Government-reported data for COVID-19 cases in China, on a popular health workers website, as of 16:51 Central European Time.

Experts are carefully watching trends in the Asian city-state, where original contacts for some of the Singaporeans falling ill cannot be traced. This has sparked fears that wider community-based spread of the virus may be occurring, making Singapore the next test ground for virus containment. Elsewhere, conferences and meetings were being delayed or cancelled, and school start dates suspended, as the fallout from the virus echoed across the Western Pacific region, Europe, and beyond.

The sharp uptick in reported cases on Thursday occured only hours after Dr Tedros Adhanom Ghebreyesus, World Health Organization director general warned that ¨the number of newly reported cases reported from China has stabilized over the past week, but that must be interpreted with extreme caution.”

“The outbreak could still go in any direction” he told reporters Wednesday after the conclusion of a two-day Global Research and Innovation Forum in Geneva, and just hours before Hubei province officials released the new daily numbers.

The forum sought to identify the best clinical care treatment for patients with the virus; explore why some people become seriously ill while others do not; as well as to forge ahead with a coordinated approach to research on potential treatments and vaccine candidates, said Dr Soumya Swaminathan, WHO chief scientist, describing outcomes of the meeting.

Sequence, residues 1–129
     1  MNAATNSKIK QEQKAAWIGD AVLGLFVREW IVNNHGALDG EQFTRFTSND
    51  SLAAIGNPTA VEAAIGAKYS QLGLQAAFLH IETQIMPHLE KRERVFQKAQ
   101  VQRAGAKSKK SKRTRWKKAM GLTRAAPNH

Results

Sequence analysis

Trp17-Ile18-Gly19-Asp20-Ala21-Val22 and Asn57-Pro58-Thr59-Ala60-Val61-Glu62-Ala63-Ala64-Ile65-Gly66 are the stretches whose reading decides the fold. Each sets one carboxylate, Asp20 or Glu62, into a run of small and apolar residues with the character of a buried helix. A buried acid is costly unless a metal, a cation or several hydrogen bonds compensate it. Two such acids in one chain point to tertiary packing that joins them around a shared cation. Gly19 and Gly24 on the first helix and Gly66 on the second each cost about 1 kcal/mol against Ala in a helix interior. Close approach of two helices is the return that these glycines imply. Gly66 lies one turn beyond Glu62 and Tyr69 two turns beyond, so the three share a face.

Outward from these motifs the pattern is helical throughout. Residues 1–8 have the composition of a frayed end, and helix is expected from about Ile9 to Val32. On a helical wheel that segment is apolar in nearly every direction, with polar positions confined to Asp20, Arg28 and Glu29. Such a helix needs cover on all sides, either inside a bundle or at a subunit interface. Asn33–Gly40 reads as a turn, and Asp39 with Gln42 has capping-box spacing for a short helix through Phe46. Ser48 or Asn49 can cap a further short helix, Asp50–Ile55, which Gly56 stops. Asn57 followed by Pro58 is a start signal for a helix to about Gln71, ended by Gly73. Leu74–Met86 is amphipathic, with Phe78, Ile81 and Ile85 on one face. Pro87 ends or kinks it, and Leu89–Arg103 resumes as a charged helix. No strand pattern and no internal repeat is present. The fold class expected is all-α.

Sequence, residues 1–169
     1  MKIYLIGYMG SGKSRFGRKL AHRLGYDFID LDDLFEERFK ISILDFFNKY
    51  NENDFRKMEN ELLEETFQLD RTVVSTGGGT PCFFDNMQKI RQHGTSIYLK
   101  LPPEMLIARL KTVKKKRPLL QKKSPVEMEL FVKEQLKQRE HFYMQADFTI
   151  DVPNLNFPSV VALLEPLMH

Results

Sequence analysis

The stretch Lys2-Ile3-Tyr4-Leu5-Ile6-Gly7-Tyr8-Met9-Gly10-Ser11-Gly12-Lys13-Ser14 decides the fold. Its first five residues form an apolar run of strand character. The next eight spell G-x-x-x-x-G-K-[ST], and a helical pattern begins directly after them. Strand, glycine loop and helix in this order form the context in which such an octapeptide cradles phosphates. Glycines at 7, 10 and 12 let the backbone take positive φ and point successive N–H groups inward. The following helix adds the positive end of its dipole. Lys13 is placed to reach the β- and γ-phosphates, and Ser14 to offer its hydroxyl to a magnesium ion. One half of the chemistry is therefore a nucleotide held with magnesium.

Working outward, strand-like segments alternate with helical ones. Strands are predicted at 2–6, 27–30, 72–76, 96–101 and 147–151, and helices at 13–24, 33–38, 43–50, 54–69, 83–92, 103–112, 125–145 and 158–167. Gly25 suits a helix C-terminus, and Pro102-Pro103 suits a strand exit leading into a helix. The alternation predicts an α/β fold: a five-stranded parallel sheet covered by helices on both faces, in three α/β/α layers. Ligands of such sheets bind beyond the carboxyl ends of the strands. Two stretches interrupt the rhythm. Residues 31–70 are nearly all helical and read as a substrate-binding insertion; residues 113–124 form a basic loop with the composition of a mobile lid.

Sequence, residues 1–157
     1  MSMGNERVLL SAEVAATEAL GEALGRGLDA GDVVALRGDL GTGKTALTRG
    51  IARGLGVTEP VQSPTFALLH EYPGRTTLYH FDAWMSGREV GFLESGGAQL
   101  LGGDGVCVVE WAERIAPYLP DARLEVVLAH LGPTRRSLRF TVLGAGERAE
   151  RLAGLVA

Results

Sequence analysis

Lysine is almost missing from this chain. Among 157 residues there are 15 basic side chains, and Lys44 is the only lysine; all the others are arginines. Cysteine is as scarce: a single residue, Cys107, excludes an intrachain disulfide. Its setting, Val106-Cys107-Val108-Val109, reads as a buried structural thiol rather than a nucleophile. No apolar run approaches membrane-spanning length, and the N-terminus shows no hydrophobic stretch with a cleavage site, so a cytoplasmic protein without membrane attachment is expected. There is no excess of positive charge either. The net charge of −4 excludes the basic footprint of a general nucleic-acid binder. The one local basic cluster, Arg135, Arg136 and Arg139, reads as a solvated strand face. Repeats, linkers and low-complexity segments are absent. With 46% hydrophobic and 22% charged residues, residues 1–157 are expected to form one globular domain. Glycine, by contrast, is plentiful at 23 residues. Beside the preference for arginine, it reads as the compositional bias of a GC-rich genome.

WHO Press Briefing on Coronavirus situation

First Large-Scale China Study Finds Case Fatality Rate Higher Than Previous Estimates

Meanwhile, the first large-scale study of some 4,021 Chinese patients with COVID-19 reported that the case fatality rate of confirmed people who fell ill in January was averaging about 3%, significantly higher than the 2% fatality rate that had been cited previously.

According to a pre-print version of the study by researchers from China Centers for Disease Control (China CDC), published on MedRXiv, patients 60 years or older had even higher fatality rates of 5.4%, as compared to 1.43% for that of younger patients.

Male patients also had a case fatality rate more than triple that of female patients – 4.45% as compared to 1.25%, the study found.

The study, which examined cases in 30 Chinese provinces including the virus epicentre of Wuhan, also provides the first detailed age distribution of confirmed cases of the virus, which had been known to researchers as 2019-nCoV, until WHO gave it a formal name on Tuesday.

Despite the higher fatality rates than previously assumed, the new COVID-19 virus is still less deadly than Severe Acute Respiratory Syndrome (SARS), which had a case fatality rate of 9.2%, during the 2002-03 epidemic, the study’s authors conclude. The COVID-19 virus transmissibility is similar to that of SARS – with a single infected person passing the virus to nearly 4 other people [3.77], on average.